1. Weak Executive Protection Foundation
Today’s EP specialists are professionally trained. Gone are the days of hiring a big and menacing individual. If you do not have training on your resume, consider investing in your future by taking courses with one of the better schools.
2. You’re Not Conducting Due Diligence
You say you’ve sent out 30 resumes, but have had no response? Well, have you done your part and taken the time to investigate the companies or individuals to whom you’ve sent your materials? Are you certain they are hiring? Did you carefully follow the submission directions? I recently posted an ad for an associate who needed applicants with a Bachelor’s Degree. Do you know how many resumes I received from individuals who did NOT have a degree? The ad didn’t say “Bachlor’s Degree preferred but not required” (which would mean it’s fine if you don’t have a degree). Sending resumes for a position, when you don’t have the required skills, is a waste of time and energy. It sends a message that you can’t follow directions.
3. Where’s Your Tenacity?
“Tenacity” means follow-through, the dogged determination to succeed in this field. So you sent out a resume on a hot job prospect. Assuming you are indeed qualified, and follow directions well, then most important thing to understand is that executive protection is a “stick to it” kind of profession. A lot of people want to do this kind of work, but most give up too easily. You hear stories all the time about people who close protection bodyguard submit manuscripts and are rejected-a good example is America’s #1 Success Coach and Author says he received 144 rejections before a publisher believed in him and his idea. (By the way, the way book publishing works, you can only send out your manuscript to one publisher at a time, and then you wait as many as 6 weeks for a response! Now THAT’s tenacity!) He is now a millionaire many, many times over.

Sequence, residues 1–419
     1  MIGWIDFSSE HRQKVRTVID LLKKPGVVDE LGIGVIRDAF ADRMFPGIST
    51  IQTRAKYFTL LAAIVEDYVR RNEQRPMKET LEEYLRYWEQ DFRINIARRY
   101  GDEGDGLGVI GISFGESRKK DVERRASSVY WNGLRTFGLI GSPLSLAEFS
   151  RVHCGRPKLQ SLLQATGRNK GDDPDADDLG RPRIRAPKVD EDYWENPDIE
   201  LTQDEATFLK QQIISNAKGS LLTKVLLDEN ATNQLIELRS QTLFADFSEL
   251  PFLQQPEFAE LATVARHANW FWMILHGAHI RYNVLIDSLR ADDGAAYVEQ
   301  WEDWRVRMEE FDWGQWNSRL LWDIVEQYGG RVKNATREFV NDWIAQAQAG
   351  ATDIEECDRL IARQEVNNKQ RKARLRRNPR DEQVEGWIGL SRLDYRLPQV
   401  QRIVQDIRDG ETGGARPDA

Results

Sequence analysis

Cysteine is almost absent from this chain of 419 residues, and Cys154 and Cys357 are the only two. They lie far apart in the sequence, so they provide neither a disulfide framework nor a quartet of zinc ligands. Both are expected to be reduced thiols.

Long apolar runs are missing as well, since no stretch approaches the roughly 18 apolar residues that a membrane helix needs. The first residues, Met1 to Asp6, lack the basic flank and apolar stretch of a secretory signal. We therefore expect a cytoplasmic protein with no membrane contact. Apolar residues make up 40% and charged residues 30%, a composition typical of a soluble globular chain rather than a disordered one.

4. No Network
Many jobs in this field are filled without the need to place an advertisement. Word-of-mouth and professional friendships or personal friendships can keep the opportunities within a small network of talent. You need to figure out how to develop a network for yourself. Developing a network requires research and creativity. There is something important that networking allows, in addition to access to information. It is an opportunity to showcase your personality, your people skills, your sense of humor and intelligence. These are valuable assets to securing work in the field. Let people get to know you, beyond your resume or bio. Develop some friendships with like-minded individuals without an agenda.
5. Creativity in Your Pursuits
You’ve heard the expression “think outside the box” which means, don’t think in the same old way! There’s a great story about a car salesman who worked for Lexus. During lean times, people aren’t out shopping for cars and the dealership just wasn’t getting any customers. So, he worked out a deal with a local upscale country club, and brought 10 cars where he offered patrons the opportunity to test drive the vehicles. He not only made his quota, but automobile sales for the dealership went through the roof! Think about how you can get to the people who need your services outside of the usual “send a resume.” People have resources and potential contacts at their fingertips, but often don’t have the courage to start a dialogue or friendship with someone who could be of help.